Love 30 Submission on Dublin City Speed Extension to 30 km/h Zones
The Love 30 Campaign has made a submission on the Dublin City Non-Statutory public consultation on extending 30 km/h. The full submissions is attached.
We would encourage all our supporters to make submission here by the deadline on 23 April 2021. Dublin City Council has been to the forefront in introduction 30 km/h speed limits and It is important to show support for this.
Love 30 commends Dublin City Council on its efforts to introduce a default speed limit of 30 km/h on all roads in the Dublin City Council administrative area, except roads specifically listed in the bye-laws. We believe that the introduction of the default speed limit of 30 km/h will send a very clear message to all road users that Dublin City is a place where people, in particular pedestrians and cyclists, can move about safely and that motor vehicles must slow down and respect more vulnerable road users. We hope that other Local Authorities will follow the exemplary lead being given by Dublin City Council and will introduce default 30 km/h speed limits in all of their built-up areas.
Love 30 welcomes Dublin City Council’s revised proposals to secure a default 30 km/h speed limit in the City, hopes that a budget will be secured for appropriate traffic-calming measures, and that the new speed limits will be enforced effectively.
Default 30km/h Speed Limit
By introducing a default 30km/h speed limit, reduced from the original 50kph, Dublin City Council are ensuring that motorists are absolutely clear when they drive in Dublin City that, unless otherwise posted, the speed limit is 30km/h. This sends out a clear signal to all motorists to drive slowly and with care for other road users.
We are pleased to see that many of the distributor roads that were being retained at 50 km/h speed limits in the previous proposal now have 30 km/h speed limits proposed.
We note the different approaches to some roads on the northside of the city where some councillors favour 30 km/h limits but others wish to have a 40 km/h speed limit. This is disappointing for a number of reasons. We do not accept that 40 km/h is an appropriate speed limit on Grace Park Road, where both roadway and footpath are quite narrow, and where there are a number of schools, including special schools. We believe that a 30 km/h limit would be more appropriate on this road.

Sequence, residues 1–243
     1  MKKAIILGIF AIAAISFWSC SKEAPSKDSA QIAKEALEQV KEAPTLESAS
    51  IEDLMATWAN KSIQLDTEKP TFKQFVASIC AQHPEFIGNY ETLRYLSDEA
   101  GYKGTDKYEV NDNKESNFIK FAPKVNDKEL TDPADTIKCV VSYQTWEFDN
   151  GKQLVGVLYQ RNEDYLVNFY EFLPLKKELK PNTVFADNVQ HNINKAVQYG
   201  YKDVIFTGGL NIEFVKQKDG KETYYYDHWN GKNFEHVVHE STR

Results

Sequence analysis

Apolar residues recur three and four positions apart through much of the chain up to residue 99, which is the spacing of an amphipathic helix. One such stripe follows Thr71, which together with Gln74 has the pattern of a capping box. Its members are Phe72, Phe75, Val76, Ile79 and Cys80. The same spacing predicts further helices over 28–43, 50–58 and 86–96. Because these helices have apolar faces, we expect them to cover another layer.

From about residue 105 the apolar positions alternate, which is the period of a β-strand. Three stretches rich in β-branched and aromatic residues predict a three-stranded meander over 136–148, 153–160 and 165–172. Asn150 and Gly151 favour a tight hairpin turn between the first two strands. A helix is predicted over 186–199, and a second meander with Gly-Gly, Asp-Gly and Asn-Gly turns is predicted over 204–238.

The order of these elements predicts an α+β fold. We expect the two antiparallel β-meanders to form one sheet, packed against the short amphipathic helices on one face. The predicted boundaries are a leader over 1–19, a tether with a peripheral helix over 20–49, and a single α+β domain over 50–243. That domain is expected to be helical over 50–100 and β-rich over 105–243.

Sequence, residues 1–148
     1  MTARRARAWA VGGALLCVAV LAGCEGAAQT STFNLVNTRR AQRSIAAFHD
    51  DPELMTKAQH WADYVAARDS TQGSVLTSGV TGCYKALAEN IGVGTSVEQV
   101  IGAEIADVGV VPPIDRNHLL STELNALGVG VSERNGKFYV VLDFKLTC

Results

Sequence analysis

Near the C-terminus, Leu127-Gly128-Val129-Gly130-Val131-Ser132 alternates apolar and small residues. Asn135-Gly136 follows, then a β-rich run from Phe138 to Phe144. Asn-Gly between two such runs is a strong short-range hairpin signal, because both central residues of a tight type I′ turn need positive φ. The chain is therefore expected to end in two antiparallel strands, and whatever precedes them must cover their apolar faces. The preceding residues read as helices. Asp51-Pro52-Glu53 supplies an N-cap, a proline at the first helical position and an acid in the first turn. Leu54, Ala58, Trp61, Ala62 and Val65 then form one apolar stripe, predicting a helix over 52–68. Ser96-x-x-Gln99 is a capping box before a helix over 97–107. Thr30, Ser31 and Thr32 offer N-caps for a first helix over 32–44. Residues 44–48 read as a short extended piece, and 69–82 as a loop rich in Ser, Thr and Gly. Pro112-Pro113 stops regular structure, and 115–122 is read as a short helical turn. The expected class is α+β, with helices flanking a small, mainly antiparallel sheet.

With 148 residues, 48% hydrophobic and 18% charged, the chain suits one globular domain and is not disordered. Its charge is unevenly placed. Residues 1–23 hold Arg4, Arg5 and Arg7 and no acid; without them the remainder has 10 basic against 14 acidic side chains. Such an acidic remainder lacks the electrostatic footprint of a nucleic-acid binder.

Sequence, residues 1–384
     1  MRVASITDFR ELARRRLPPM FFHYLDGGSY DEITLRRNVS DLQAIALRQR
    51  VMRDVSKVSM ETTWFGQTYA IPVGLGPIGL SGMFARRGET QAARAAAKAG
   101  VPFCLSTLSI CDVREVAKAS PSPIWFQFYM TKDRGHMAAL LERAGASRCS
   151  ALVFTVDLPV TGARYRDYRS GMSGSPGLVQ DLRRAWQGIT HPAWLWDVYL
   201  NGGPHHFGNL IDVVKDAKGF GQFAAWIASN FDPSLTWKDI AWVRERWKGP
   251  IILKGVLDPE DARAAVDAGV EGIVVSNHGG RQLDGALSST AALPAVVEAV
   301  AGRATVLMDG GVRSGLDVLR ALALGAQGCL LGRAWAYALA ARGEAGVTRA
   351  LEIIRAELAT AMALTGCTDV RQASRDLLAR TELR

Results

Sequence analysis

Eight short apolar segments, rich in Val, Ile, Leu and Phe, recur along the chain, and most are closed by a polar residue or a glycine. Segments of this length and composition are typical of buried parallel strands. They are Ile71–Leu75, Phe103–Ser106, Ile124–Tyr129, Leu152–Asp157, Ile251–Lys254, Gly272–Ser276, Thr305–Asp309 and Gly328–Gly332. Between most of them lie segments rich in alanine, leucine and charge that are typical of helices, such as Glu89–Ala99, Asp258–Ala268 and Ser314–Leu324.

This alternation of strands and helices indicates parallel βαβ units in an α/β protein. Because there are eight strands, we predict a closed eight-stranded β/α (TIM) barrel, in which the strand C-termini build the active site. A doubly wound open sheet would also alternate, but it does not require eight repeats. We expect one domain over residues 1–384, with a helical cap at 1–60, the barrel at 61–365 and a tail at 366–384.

Likewise, we believe that 40 km/h is inappropriate on Causeway Road. This is an amenity area leading to the conservation area on Bull Island and we believe that traffic-calming measures are needed so that traffic will be slowed to 30 km/h or less and that people will be encouraged to walk or cycle. Given the current levels of parking on the causeway, especially at weekends, while people walking are protected cycling has become more dangerous. Therefore, speed should be lowered to improve safety and there is no good rationale for increasing speeds to 40 km/h in this leisure area of vital biodiversity.
Another issue is the need for protected cycleways along the full route of Griffith Avenue, especially important for children given the number of schools in that vicinity.
Love 30 is of the view that it would be counter-productive to introduce a 30 km/h speed limit on Ballymun Road this road without very serious traffic calming measures, although lower speeds are very desirable because there are several schools and a special school on the road. A compromise could be a periodic 30 km/h but even this is unlikely to be achievable without very serious traffic-calming measures.
Love 30 is very pleased to see the emphasis in these proposals on achieving lower speed limits outside the greatest possible number of schools, while being disappointed that it may not be achieved on Griffith Avenue and Ballymun Road. As mentioned in our previous submission we believe that Dublin City Council should secure funding for implementation of traffic-calming measures that will encourage adherence to the 30 km/h limits.